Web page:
“Sorry snowflakes but WFH isn’t working… Remote staff will suffer from lack of human contact, a friendly hand on the shoulder, and a quiet word in their shell-like when they screw up” trumpets unintentional self-parody Richard Littlejohn.
His column, which he wrote from his house in a gated development in Florida, appeared in the ‘no longer a paper of record’ (Wikipedia) Daily Mail. It was based on his experience in Fleet Street and illustrated with a photo of him in the Daily Mail office 40 years ago.
No, honestly, I’m not making this up.
Completely without irony, he went on to explain “Back then, Fleet Street was a bustling industrial village dating back to 1500, when the first printing press was installed.” That the entire industry has embraced technology, left Fleet Street and dispersed around the country, making his experience not even relevant to his own industry any more, seems to have escaped him. Why it would be relevant to young people today is anyone’s guess.
He was echoing the comments made by part-time Prime Minister and Worzel Gummidge impersonator Boris Johnson in his chaotic speech to the CBI.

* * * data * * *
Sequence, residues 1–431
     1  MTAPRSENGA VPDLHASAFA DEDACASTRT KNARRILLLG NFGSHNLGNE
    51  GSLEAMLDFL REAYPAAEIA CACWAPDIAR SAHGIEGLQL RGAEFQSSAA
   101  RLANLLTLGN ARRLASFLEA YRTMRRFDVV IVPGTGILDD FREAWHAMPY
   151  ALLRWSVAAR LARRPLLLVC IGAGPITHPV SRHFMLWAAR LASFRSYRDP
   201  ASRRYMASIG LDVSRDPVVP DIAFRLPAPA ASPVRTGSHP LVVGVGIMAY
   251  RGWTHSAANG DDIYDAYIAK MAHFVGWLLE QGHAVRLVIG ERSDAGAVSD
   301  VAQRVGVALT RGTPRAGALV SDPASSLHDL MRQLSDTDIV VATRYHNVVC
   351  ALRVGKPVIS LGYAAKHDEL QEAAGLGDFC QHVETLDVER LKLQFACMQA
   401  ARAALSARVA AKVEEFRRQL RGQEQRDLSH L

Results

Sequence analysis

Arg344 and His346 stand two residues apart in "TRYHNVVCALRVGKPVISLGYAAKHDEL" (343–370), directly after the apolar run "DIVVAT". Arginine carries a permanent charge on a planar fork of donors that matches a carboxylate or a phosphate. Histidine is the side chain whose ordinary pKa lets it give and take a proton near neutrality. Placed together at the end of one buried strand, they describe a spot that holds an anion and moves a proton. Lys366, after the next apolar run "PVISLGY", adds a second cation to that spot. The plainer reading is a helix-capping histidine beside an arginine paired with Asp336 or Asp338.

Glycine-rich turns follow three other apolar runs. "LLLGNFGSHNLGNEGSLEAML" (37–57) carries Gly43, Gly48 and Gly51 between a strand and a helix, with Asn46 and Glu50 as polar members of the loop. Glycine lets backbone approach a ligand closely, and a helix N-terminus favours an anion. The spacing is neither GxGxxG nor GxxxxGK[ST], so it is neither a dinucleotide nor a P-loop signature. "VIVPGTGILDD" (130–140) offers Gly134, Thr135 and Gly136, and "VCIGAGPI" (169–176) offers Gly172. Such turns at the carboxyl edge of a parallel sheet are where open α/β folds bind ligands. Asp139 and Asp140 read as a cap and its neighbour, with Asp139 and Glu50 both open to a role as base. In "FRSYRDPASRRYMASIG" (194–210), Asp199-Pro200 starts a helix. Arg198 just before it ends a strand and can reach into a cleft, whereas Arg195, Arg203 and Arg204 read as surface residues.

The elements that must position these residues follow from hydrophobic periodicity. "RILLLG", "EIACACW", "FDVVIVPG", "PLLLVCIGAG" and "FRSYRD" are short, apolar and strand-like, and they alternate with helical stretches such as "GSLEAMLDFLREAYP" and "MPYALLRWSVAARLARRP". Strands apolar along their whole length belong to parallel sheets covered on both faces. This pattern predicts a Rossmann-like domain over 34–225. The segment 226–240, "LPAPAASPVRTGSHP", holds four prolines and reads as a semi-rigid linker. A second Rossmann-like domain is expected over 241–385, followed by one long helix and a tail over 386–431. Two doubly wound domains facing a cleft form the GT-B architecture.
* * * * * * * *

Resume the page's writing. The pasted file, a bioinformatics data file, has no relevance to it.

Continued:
‘I know there are some people who think that working habits have been remade by the pandemic. I don’t want to be dogmatic about it, but I have my doubts.’ he opined, dogmatically.
‘There are sound evolutionary reasons why mother nature does not like working from home.’
Really? Evolutionary reasons? What, do the soft furnishing stop us hearing the approach of Lions, or something?
Apart from this all being arrant nonsense, it highlights a problem about any discussion about work and the office. Anyone who has ever worked in an office believes that not only are they automatically an expert on the topic, but also that their personal experience is universally applicable.
Their ‘sample of one’ trumps any data, analysis or theorising. That’s how it was for them so that’s how it is for everyone. To be any other way is go against the forces of nature and will probably make the sky fall in. It’s the Turkey Lurkey school of reasoning.
Fortunately, we do have some data. In a survey of young adults, over half said they would turn down a job that didn’t offer flexible working. They will be in workplace long after the ageing blowhard Littlejohn has hung up his quill pen and Johnson is spaffing his pension away on boozy holidays.
The die is cast, the argument is over.
The ‘snowflakes’ will have the final say.